Coast to Coast on a Honda Big Red
Traveling from one coast to the other is pretty easy in a car or on a motorcycle. Routes like the Trans America Trail make it fairly easy to stick to dirt as much as possible. But Canadian military veteran Matthew Webb is taking the path less traveled, both literally and figuratively.
Webb started in at 100 Mile House, British Columbia, with plans to go all the way to Sunset Inlet Campground, Nova Scotia, by way of Newfoundland. According to his website, that trip will be about 13,500 kilometers (about 8,400 miles) when all is said and done. These won’t be easy kilometers, either, as Webb is taking a circuitous route across trails. He’s also doing this through a Canadian winter, rather than waiting for more hospitable summer conditions.
His partner for this journey is Brittany, a 1984 Honda Big Red 200 ES three-wheeler. Webb has modified it to carry a spare wheel on the front fender, and he’s towing a trailer with all of his gear, tools, and spare parts. If he runs into problems out on the trail, he intends to get himself out without needing to call for help.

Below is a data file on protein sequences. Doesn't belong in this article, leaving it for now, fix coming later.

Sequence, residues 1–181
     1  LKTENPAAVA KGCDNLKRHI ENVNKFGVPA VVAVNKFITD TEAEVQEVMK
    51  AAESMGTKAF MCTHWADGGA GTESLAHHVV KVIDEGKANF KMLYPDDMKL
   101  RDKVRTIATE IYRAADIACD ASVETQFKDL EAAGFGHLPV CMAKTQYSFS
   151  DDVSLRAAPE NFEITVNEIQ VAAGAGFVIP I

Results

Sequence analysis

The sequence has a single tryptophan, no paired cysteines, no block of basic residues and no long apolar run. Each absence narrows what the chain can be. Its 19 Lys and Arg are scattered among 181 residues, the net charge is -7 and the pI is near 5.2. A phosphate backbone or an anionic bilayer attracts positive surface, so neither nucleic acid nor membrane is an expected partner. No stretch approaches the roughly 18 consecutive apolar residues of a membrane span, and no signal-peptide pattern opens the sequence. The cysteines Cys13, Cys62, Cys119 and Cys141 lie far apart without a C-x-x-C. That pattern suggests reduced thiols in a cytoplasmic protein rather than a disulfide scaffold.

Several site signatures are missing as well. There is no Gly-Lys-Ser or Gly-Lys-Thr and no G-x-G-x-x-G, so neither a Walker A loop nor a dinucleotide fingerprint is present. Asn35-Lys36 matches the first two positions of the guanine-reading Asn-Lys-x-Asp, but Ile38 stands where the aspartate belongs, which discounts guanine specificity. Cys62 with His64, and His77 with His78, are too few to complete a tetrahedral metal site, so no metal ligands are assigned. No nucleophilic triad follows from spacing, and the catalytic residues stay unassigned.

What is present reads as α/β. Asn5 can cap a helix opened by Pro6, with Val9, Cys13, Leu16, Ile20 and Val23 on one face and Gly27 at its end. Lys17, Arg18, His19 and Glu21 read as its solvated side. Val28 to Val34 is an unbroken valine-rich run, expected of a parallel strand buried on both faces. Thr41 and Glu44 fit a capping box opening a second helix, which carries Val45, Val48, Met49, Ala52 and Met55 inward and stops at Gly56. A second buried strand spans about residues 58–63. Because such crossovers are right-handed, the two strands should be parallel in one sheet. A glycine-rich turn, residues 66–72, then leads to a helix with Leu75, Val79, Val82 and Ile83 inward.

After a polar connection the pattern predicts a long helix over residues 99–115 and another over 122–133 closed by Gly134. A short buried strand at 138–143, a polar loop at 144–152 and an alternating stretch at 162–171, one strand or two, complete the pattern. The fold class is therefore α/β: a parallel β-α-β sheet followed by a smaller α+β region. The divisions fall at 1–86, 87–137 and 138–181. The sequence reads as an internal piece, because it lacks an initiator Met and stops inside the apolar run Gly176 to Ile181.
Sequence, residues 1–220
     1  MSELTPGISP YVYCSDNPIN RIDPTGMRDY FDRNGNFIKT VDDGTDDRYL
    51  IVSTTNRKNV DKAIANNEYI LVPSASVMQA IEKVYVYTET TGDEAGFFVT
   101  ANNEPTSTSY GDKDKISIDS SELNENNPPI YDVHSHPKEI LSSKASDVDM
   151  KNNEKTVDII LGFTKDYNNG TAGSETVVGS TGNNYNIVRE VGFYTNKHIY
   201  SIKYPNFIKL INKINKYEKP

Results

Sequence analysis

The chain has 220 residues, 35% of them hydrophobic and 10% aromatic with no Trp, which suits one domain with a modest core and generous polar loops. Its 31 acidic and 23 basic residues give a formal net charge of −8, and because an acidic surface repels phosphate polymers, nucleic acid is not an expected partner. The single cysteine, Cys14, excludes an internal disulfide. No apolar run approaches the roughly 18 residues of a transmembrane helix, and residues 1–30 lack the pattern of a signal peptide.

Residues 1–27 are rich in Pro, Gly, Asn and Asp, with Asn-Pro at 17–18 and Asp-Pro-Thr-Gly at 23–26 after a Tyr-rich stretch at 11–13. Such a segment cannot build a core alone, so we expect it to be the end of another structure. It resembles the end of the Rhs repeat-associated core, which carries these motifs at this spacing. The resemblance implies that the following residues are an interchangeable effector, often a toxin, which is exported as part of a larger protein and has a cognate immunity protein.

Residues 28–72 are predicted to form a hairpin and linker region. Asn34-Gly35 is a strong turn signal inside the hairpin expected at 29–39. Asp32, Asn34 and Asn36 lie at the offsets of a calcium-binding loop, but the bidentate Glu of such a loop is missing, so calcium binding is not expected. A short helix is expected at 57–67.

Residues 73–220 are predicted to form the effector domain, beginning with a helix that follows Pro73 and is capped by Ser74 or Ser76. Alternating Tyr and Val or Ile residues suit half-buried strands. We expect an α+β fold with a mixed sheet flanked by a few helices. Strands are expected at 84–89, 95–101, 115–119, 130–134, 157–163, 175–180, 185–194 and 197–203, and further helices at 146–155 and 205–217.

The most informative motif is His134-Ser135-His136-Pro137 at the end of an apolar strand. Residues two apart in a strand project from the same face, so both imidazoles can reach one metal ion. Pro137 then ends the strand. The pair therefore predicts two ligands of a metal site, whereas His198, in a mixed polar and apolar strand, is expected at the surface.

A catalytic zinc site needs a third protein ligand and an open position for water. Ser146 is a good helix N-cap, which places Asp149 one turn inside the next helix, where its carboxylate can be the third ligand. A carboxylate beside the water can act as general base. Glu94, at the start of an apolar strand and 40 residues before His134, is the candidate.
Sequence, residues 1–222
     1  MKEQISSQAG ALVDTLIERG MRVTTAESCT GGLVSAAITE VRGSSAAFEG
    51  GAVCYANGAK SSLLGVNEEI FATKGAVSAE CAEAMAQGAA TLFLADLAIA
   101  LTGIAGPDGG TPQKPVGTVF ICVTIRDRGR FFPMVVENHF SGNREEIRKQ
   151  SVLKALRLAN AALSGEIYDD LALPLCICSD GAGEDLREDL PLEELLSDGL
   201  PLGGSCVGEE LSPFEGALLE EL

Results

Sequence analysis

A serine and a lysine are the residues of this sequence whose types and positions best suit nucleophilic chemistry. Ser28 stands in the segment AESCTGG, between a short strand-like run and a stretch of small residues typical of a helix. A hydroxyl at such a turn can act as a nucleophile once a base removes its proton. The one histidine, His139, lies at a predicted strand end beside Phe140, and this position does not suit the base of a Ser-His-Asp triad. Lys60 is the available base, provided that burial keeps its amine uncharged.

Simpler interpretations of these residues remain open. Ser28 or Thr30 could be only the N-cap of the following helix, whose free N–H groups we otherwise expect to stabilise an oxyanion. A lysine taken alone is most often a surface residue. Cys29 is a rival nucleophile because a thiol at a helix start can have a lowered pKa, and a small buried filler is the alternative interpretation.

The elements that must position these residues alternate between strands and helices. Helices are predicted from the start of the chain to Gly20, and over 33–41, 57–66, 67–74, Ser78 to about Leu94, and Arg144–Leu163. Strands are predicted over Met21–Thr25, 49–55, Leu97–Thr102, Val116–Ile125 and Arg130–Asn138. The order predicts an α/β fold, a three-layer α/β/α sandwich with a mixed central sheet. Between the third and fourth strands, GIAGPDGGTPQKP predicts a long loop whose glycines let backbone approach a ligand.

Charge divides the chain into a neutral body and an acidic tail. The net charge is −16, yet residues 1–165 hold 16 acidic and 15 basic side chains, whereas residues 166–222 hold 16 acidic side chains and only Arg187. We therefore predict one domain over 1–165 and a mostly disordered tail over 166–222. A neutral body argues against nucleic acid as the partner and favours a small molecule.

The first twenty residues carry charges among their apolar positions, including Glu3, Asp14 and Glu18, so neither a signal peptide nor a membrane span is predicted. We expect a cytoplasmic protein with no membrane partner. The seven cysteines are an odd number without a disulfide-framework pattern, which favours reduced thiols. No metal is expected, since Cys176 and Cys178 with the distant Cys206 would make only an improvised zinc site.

Making this trip to set a new Guinness World Record is more than enough reason in itself, but Webb has even higher goals. His journey is also a memorial to his friend Anthony Morgan, who died in a motorcycle accident last year. Webb’s departure point in 100 Mile House, BC, is where Morgan lived. He is fundraising for the Bikers Down Society. They provide assistance to riders who have been hurt in motorcycle crashes, as well as education to try to prevent these crashes from happening in the first place. Webb hopes to raise $25,000 through a GoFundMe, 25% of which will go toward the journey itself, with the remainder being donated to Bikers Down in Morgan’s name.
Webb has already traveled 2,805 kilometers (about 1,750 miles) to Betula Lake Resort in Whiteshell Provincial Park, Manitoba, not far from the Ontario border. He still has a long way to go, but what he’s done so far is already an impressive feat in itself. We wish him the best of luck for the rest of his journey.
More by Justin Hughes